Abolishing operations (AO): a general term to describe antecedent events which momentarily decrease the reinforcing or punishing effectiveness of a consequence and therefore alter the future frequency of behavior related to that consequence. AOs, in conjunction with establishing operations (EO; see establishing operation), fall under the greater omnibus term, motivating operation (MO; see motivating operations). AOs involve events which result in a decrease in the effectiveness of a reinforcer or punisher when delivered contingent on a behavior. There are many unconditioned abolishing operations identified in humans. Satiation of food, water, sleep, activity, oxygen, and warmth or cold all function as abolishing operations for related behavior and reinforcement (Cooper et al. 2007). For example, having just eaten lunch functions as an AO for food as a reinforcer which momentarily decreases any behavior reinforced by food.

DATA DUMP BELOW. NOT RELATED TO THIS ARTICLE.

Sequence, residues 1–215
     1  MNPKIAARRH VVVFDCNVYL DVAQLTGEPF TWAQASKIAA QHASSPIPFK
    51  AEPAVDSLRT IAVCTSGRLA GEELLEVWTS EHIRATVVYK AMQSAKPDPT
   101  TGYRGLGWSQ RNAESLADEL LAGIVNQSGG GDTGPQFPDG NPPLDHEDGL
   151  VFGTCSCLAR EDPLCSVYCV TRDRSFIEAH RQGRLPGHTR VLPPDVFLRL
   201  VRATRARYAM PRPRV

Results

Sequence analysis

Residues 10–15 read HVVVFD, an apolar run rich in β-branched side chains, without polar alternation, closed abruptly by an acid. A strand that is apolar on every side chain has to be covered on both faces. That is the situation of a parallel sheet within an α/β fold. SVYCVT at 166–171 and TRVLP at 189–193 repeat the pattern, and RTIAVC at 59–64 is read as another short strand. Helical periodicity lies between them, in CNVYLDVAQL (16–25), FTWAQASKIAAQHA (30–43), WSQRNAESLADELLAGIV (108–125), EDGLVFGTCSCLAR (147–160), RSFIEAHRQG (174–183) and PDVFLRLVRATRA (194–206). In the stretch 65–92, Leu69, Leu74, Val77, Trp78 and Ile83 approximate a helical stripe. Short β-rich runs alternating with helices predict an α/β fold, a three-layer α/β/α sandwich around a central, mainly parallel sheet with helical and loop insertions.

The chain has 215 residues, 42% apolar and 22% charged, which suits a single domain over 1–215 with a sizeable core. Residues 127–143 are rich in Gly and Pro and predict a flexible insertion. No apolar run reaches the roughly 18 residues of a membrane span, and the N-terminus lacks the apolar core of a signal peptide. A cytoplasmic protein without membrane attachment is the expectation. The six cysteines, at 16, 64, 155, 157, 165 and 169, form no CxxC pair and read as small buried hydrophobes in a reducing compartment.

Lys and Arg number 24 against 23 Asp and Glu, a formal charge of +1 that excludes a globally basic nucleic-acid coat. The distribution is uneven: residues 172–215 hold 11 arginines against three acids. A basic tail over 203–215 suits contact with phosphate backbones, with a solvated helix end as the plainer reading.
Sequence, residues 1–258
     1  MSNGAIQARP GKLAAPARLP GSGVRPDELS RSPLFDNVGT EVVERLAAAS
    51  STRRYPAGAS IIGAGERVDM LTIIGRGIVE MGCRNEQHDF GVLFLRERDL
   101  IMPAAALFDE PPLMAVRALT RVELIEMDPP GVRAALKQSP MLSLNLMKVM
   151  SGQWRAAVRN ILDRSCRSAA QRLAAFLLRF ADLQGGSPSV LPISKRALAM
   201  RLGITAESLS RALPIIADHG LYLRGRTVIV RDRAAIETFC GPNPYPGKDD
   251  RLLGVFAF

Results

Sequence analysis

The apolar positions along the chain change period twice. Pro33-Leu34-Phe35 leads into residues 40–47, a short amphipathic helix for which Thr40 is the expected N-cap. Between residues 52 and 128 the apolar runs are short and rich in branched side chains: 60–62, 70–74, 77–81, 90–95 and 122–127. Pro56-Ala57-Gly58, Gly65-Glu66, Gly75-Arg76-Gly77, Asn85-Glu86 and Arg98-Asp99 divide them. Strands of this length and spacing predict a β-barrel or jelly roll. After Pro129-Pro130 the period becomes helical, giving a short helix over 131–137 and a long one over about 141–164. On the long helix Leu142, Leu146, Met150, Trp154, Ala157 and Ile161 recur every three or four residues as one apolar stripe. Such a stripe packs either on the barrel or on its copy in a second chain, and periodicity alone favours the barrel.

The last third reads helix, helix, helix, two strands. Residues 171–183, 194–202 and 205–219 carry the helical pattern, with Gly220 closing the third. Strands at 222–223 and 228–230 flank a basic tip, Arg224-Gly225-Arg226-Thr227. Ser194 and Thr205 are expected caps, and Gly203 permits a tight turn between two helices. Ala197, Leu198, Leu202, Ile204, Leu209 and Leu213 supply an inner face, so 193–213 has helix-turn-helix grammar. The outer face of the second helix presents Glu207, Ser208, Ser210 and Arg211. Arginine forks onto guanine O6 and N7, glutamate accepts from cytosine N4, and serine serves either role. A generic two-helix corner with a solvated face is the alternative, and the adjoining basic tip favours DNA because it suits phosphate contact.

Skinner (1938) discussed...
References and Reading
- Carroll, R. A., Rapp, J. T., Rieck, T. M., & Siewer, B. N. (2011). The effects of noncontingent reinforcement with alternative oral stimulation in the treatment of rumination. Journal on Developmental Disabilities, 17, 72–76.Google Scholar
- Cooper, J. O., Heron, T. E., & Heward, W. L. (2007). Applied behavior analysis (2nd ed.). Upper Saddle River: Pearson.Google Scholar
- Laprime, A. P., & Dittrich, G. A. (2014). An evaluation of a treatment package consisting of discrimination training and differential reinforcement with response cost and a social story on vocal stereotypy for a preschooler with autism in a preschool classroom. Education and Treatment of Children, 37(3), 407–430.CrossRefGoogle Scholar
- Roxburgh, C., & Carbone, V. J. (2012). The effects of varying teacher presentation rates on responding during discrete trial training for two children with autism. Behavior Modification, 37, 1–26.Google Scholar
- Skinner, B. F. (1938). The behavior of organisms. Acton: Copley.Google Scholar